There is an invisible world

When it started

Posted by Chris Dock on

I believe we all grow up with a case of amnesia. A certain way of seeing that we had as a child which fades to the background. There is enough to learn, see, and feel from the world we enter that our mind seems to play Indiana Jones with our childhood senses. A slow switch from one channel to the next, from chaos to confused order.

There are few better examples of confused order than that of the Catholic Church, which is how I was raised. At a young age, I could tell the logic was goofy. The wine actually turns into blood? Wait to mingle with ladies until marriage? Oh, and if you miss church or don’t play by the rules, you’re going to hell (where there is a giant monster who tortures you forever with no escape). Just goofy. A few things I liked about it was the singing together, the art and decorations, friends, and the mystery of God.

Even after I told my parents I was done with the church, I still loved to pray. The silent chat with my consciousness and the secret world. A place where I could talk with a voice inside to let out feelings of pain and gratitude, desire and regret. As I got older, prayer started to mix with meditation ideas I learned on the internet. After a good amount of practice in quieting my mind of internal thoughts and outside irritations, I started to see movement in the mist.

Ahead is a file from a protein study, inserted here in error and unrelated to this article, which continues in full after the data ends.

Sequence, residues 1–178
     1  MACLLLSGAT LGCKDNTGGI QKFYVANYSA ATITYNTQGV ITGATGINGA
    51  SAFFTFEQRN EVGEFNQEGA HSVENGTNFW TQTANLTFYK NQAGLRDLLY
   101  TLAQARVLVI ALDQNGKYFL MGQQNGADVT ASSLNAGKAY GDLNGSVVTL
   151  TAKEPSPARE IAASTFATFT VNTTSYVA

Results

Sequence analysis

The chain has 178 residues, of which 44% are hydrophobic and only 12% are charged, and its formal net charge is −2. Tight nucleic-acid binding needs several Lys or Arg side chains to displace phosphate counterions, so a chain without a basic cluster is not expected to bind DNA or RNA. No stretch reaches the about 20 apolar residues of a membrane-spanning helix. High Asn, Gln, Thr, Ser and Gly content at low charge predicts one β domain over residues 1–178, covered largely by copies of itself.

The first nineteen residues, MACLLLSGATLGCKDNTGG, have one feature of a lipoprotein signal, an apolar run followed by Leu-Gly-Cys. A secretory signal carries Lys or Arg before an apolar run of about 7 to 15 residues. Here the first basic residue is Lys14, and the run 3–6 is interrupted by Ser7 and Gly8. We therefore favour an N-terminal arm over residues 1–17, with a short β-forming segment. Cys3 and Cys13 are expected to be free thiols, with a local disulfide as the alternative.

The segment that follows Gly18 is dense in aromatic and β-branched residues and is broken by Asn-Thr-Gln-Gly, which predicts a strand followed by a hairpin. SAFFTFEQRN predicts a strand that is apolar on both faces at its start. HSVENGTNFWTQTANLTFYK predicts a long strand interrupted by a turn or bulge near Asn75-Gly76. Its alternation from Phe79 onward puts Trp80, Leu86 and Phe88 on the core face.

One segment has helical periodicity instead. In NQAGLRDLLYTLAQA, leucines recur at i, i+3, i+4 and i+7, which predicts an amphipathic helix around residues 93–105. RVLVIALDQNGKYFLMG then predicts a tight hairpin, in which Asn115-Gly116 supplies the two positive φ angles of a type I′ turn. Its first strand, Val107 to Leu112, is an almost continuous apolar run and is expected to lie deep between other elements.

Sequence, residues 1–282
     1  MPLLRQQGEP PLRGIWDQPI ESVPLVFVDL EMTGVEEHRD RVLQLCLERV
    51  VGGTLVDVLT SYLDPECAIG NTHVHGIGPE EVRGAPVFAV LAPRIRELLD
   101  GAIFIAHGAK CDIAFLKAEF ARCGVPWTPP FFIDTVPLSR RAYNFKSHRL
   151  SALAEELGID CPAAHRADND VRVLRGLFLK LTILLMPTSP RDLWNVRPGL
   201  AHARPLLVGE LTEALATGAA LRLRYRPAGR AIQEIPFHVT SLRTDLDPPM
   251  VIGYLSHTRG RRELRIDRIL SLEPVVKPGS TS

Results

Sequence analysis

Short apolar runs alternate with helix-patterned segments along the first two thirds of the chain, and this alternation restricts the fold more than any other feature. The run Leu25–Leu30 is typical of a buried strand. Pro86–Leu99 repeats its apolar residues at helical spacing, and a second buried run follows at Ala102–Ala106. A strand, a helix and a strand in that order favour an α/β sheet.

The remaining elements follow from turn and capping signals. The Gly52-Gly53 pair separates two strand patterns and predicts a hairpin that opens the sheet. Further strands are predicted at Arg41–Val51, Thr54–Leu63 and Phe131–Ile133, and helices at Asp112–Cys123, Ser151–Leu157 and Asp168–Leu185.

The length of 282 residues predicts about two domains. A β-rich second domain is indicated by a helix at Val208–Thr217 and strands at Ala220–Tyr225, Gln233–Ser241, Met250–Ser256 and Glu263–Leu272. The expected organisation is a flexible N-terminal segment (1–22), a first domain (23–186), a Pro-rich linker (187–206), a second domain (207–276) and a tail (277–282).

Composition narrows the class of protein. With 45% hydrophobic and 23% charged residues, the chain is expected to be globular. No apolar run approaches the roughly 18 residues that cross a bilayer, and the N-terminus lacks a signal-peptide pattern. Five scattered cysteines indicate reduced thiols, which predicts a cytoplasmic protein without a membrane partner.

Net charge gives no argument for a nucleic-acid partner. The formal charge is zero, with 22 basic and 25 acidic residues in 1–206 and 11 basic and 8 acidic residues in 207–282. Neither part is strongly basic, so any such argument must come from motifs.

Movement became darkness visible. A city of dreamlike motion with slip slides to visions of chance happenings and future potentials. Slight sounds that enter as hypnotic undertones of quasi language echo in between. At times, there is a cloud-like tunnel of invisible light that gets brighter and faster moving until it is almost entirely white. Seeing this is sometimes painful or a brain-full and it takes me a while to relax and step away.

But is it inside or outside? A fantasy or a sense? Am I starting to see a hidden world or becoming maddened by the attempt? Hard to say, even still. One thing I know is it is vividly real to me and that it is one of the only realities I can truly trust.

Much Love,
Chris Dock




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